Federalist Society Online Debate on the Partial Birth Abortion case:
As part of its new on-line debate series, the Federalist Society is posting a debate on Gonzales v. Carhart upholding the constitutionality of the federal Partial Birth Abortion Act. The debate is principally between Professors Doug Kmiec and Erwin Chemerinsky, but I added my 2 cents. Others such as John Chapman will be commenting later. You can read the entire debate and post your comments here. Here is my response to the initial postings of Kmiec and Chemerinsky:
Both of my friends, Doug Kmiec and Erwin Chemerinsky are partially correct. Doug is right that Gonzales v. Carhart does not directly threaten a women's right to choose to have an abortion. Irwin is right that Carhart does change current law — in particular, the important holding of Stenberg v. Carhart — and, in my view, for the worse.

First, as to the right to have an abortion, because other procedures remain protected, abortions will still be legally available. This procedure was banned because, as popularly described, it seems a lot like infanticide. While pro-life proponents claim all abortions are indistinguishable from infanticide, pro-choice advocates must draw a line between one and the other. Viability — the stage at which a fetus can live outside the womb independently of the mother — provides a useful line because it gives women considerable time to decide whether or not to bear a child. After viability, the only compelling reason for an abortion of any kind is to protect the life or health of the mother, rather than because of family planning.

If "partial birth abortion" consists of the partial delivery of a viable fetus before killing, it certainly looks a lot like infanticide, which is why the federal ban was popular enough to pass. A law banning only this would not be problematic, but merely draw a line between abortion and infanticide in a somewhat different place than is now drawn.

But this statute goes further in two ways: first, it bans the use of this procedure throughout pregnancy, even before viability. Second, it makes no exception to protect the health of the mother. The fact that the procedure is banned before viability means the procedure is not akin to infanticide, unless one believes that all abortion is infanticide, which the Court currently denies. By the same token, the fact that no exception to the ban is made to preserve the health of the mother is evidence that this is about more than preventing infanticide. After all, the very same act is allowed under the statute if necessary in the opinion of a physician to protect the life of the mother, in which case the act itself does not constitute infanticide. So, even though the case does not strike at the heart of the judicial protection of abortion, pro-choice advocates are right to be concerned.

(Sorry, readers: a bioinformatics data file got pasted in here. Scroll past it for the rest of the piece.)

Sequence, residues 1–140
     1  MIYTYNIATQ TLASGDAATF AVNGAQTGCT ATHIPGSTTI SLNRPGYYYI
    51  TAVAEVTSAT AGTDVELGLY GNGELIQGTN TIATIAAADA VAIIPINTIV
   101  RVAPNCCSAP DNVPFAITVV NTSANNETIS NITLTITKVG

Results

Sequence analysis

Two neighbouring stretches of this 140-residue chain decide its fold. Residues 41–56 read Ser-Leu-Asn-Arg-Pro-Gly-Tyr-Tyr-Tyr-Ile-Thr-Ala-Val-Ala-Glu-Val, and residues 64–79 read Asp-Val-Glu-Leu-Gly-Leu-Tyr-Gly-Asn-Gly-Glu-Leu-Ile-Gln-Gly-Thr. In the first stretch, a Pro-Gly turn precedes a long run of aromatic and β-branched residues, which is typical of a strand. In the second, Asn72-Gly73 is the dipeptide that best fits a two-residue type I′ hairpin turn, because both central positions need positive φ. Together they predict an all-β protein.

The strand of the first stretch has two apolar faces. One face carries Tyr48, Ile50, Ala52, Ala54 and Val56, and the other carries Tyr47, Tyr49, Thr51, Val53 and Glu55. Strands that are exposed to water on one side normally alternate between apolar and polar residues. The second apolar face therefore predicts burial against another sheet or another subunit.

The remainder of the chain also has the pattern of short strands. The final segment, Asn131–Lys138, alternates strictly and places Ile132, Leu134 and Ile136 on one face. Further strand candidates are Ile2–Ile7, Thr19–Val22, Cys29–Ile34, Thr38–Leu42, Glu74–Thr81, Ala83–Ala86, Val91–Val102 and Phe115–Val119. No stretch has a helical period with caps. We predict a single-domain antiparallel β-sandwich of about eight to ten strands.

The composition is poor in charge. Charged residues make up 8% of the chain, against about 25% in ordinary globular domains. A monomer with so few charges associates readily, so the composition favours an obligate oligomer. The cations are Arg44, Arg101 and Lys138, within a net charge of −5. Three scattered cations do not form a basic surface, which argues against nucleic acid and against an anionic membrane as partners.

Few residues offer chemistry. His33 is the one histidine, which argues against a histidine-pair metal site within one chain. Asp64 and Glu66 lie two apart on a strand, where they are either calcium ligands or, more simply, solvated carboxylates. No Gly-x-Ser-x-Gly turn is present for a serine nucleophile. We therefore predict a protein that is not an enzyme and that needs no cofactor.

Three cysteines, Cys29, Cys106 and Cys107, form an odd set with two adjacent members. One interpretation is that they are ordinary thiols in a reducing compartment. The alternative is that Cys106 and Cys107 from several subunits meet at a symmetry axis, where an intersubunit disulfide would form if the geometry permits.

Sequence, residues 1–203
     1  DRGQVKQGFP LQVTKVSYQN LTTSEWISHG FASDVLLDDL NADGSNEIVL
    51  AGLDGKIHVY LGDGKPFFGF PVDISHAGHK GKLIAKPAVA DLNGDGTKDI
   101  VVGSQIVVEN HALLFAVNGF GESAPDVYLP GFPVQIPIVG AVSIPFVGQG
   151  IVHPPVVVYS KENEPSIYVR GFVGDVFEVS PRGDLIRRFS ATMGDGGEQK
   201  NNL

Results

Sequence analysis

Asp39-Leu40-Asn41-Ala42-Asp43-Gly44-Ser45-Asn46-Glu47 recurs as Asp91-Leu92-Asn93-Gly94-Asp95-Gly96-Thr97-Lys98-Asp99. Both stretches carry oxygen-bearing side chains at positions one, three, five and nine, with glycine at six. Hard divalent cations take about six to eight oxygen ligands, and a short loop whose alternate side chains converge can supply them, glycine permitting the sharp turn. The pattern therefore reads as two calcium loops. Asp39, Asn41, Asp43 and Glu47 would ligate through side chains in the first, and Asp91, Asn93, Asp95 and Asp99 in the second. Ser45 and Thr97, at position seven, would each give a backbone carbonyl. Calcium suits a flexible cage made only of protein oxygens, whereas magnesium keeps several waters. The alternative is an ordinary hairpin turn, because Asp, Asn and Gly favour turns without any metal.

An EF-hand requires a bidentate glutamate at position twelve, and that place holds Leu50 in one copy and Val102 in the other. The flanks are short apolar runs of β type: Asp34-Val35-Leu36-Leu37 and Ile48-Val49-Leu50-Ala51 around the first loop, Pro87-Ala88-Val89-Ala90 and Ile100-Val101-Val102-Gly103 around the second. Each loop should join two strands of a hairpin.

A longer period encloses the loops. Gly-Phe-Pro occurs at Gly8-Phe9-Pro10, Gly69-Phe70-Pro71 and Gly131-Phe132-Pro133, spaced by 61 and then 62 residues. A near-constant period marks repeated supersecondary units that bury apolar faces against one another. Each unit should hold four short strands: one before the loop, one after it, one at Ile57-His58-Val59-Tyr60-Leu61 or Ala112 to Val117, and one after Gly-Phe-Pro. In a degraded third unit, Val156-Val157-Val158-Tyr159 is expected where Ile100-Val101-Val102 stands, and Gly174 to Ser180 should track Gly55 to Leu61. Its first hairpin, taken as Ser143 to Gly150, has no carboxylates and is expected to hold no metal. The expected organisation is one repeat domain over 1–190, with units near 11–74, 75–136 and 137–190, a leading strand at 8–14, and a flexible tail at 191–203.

Regrettably, by defining the "health" of the mother so broadly, pro-choice advocates brought this problem on themselves. If a health exception applies, for example, to the emotional health of the mother, then it is the exception that will always swallow the rule, as opponents of partial birth abortion rightly complain. Had the Partial Birth Abortion Act contained a narrowly defined exception for the physical health of the mother, even many pro-choice advocates might have supported it.

What is most unfortunate is how Carhart weakened the constitutional rights of all patients. To reach its result, the Court had to eviscerate the approach it had adopted in 2000, over Justice Kennedy's strident dissent, in the case of Stenberg v. Carhart. (So much for stare decisis!) Put simply, in Stenberg, the Court held that, if there was substantial disagreement among medical authorities over whether a medical procedure such as this one was necessary to preserve the health of the mother, then a woman and her physician could make the choice. In Carhart, however, Justice Kennedy adopted a rational basis standard to uphold the judgment of Congress that such a procedure was never necessary to protect the health of the mother. This means that, contrary to Stenberg, whenever there is a substantial disagreement among medical authorities, Congress gets to make the decision. After all, however it decides it will be supported by some substantial body of medical opinion.

But why should this be? Putting abortion to one side, why should not a patient and her doctor have the liberty to decide on a course of medical treatment so long as their judgment is supported by a substantial body of medical opinion? In other words, when it comes to preserving one's life and health, why should not individual choice, as opposed to Congressional choice, be protected when supported by a rational basis?

The overlooked tragedy of Carhart is that the rights of all patients to preserve their lives and health were seriously weakened by the overreaching of both sides of the abortion debate: by abortion supporters who interpreted a health exception as completely open-ended and by abortion opponents who pushed for a ban that applied before viability and that did not include a narrowly drafted exception for the physical health of the mother. In Carhart, the sick and dying are another collateral damage of the abortion wars. And so too, for that matter, was the enumerated powers scheme of Article I, but since the Court did not address that issue, neither will I.